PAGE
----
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CHEETHAM is located about half a mile to the north west of Manchester city centre. To the casual visitor the area appears as a run-down and rather seedy district of commercial buildings, warehouses and empty streets. But Cheetham was once a thriving township independent of Manchester , with its own town hall. It was he home of one of the largest Jewish communities in the country and retains many traces of this today.

If you look beneath the surface you'll find many clues to Cheetham's importance and grandeur, which in the current era have mostly faded. But things could be on the up and up in Cheetham, though there's a long way to go...

The Manchester Jewish Museum provides walking tours of the area during the summer months. I was one of 12 or so people who went on the tour held on Sunday 15th of July. I was surprised and fascinated by I found...

THE MANCHESTER JEWISH MUSEUM, formerly the Spanish and Portuguese Synagogue is seen here in this composite panoramic photograph, with Cheetham Hill Road extending into the distance.

We are looking south towards Manchester city centre. The tower of St Chad's Roman Catholic church can be seen about half a mile down Cheetham Hill Road.

WHERE DID MR MARKS AND MR SPENCER set up their first head office and warehouse? It was here on Derby Street Cheetham. Mr Marks' slogan was 'Don't ask the price it's a penny' reputedly because he didn't have enough English to barter. Like many immigrant entrepreneurs the Jewish Mr Marks teamed up with the English-born and non-Jewish Mr Spencer, giving a hybrid name that didn't sound foreign.

The main building seen here was first opened in 1899. Extensions to the rear followed as the business grew.

There's no blue plaque to remind passers by of the historical significance of this building. Many people may not even know that the first Marks and Spencers store was in Manchester.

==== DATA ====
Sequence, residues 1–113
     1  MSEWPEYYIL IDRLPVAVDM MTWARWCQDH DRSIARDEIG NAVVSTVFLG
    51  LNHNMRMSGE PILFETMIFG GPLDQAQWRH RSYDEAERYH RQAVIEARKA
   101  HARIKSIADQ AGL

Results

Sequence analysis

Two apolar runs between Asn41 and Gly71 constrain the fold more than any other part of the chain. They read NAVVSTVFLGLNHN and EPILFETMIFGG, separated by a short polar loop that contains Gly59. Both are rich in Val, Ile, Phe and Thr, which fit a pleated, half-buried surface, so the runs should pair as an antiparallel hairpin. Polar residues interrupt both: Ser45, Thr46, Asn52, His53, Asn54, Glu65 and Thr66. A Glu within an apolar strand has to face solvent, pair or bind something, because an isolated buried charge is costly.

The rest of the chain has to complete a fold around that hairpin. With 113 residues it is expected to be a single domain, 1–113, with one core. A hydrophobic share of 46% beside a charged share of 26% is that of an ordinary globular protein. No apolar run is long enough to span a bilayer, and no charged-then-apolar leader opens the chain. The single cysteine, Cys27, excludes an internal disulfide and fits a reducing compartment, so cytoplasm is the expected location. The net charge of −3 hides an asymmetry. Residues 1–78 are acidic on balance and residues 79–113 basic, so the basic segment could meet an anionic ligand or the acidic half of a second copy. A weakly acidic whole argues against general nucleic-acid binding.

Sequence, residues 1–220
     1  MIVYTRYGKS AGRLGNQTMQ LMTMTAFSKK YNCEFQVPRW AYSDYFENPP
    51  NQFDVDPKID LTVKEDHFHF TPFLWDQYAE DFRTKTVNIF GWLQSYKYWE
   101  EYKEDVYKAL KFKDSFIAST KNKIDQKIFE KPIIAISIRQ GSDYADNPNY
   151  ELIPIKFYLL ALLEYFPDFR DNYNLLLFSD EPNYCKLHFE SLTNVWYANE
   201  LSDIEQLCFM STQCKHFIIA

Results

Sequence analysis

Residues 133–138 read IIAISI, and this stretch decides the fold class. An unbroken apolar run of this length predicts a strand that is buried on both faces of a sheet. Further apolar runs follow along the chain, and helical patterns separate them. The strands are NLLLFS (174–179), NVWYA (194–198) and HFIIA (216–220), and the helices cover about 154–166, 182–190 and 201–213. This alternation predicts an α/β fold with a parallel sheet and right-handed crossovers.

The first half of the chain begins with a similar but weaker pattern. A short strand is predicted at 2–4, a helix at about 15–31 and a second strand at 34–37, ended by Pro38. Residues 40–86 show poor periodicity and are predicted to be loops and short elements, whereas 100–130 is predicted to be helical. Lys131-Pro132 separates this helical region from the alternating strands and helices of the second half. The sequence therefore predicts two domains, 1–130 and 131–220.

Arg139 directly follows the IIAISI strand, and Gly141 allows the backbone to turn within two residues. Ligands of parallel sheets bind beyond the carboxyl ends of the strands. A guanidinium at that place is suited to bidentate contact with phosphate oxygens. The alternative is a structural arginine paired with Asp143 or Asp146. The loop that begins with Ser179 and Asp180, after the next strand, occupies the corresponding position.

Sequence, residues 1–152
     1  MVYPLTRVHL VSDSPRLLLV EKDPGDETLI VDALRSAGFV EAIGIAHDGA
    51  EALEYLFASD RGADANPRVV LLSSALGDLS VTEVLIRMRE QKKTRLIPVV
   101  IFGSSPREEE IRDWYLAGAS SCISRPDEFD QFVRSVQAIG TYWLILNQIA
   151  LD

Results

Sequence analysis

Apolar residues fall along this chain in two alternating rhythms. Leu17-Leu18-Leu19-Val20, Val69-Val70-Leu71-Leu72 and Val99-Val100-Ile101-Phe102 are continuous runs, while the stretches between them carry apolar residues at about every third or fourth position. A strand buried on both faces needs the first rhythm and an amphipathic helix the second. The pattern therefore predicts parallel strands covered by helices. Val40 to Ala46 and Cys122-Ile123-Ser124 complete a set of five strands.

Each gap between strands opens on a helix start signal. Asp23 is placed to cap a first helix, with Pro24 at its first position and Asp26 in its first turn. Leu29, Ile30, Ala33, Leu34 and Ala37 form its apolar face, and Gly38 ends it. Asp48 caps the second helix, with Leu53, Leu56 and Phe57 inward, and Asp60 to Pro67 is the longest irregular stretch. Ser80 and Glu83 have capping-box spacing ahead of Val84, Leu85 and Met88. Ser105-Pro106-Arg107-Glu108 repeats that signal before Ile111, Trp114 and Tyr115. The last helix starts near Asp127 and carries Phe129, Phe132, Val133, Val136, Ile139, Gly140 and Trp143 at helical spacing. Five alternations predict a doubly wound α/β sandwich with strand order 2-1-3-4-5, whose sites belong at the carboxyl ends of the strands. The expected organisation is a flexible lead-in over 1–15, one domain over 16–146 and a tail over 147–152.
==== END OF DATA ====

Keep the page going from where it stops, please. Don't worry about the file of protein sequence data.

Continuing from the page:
Information taken from the Heritage Trail walking tour of Cheetham Hill provided by the Manchester Jewish Museum

NATHAN HOPE'S CLOTH CAP FACTORY was once housed in this building on Derby Street just across from the former Marks & Spencer head office. The minaret-like tower of Strangeways Prison (HMP Manchester) can be seen on the left.

Nathan Hope started his business in the 1850's and by the 1880's it was thriving.

The workforce was mostly Jewish and working conditions were extremely bad. Any operative who broke a needle had to pay for it out of their wages. If they objected, they were sacked. There were always plenty more Jewish immigrants arriving at Victoria Station eager to take their place.

Information taken from the Heritage Trail walking tour of Cheetham Hill provided by the Manchester Jewish Museum

THE TALMUD TORAH school for religious education was the first purpose-built Jewish school in the empire.

It was built in stages. The two side wings were added as the number of students grew.

It's now used as a storage warehouse by a company who have spent some money on cleaning and securing the building. Nothing remains of the original interior.

Talmud means 'teaching' and torah means 'the law. Torah Street is on the left of the school.

Information taken from the Heritage Trail walking tour of Cheetham Hill provided by the Manchester Jewish Museum

TORAH STREET is a potent reminder of the Jewish presence in Manchester. It is to the left of the former Talmud Torah school for religious education.

It's said the leaders of the Jewish community requested the municipal authorities to call the streets on either side of the school 'Talmud Street' and 'Torah Street'. They only succeeded with this with Torah Street, which despite the ebb and flow of history has remained unchanged..

Remarkably this is the only example of a 'Torah Street' in the whole of the English speaking world.

Information taken from the Heritage Trail walking tour of Cheetham Hill provided by the Manchester Jewish Museum

THE MANCHESTER JEWS SCHOOL was once housed in this delapidated building on Derby Street, now occupied by various small businesses, including Cadeau Jewellery, E&E Cross and others. The school was established in 1830 and this building dates from 1874.

The school was extended as the number of Jewish children who came here grew. At its height, 2000 pupils were in attendance. The green window frames on the central roof were once classrooms.

Many immigrants came from central Europe and spoke Yiddish, but in the school, Yiddish was banned and even Jewish names were anglicised. The reason for this was that the elders of the community were keen that new Jewish immigrants should integrate.

The school was vacated during World War Two, when children were moved out of the cities, and never re-opened.

Information taken from the Heritage Trail walking tour of Cheetham Hill provided by the Manchester Jewish Museum

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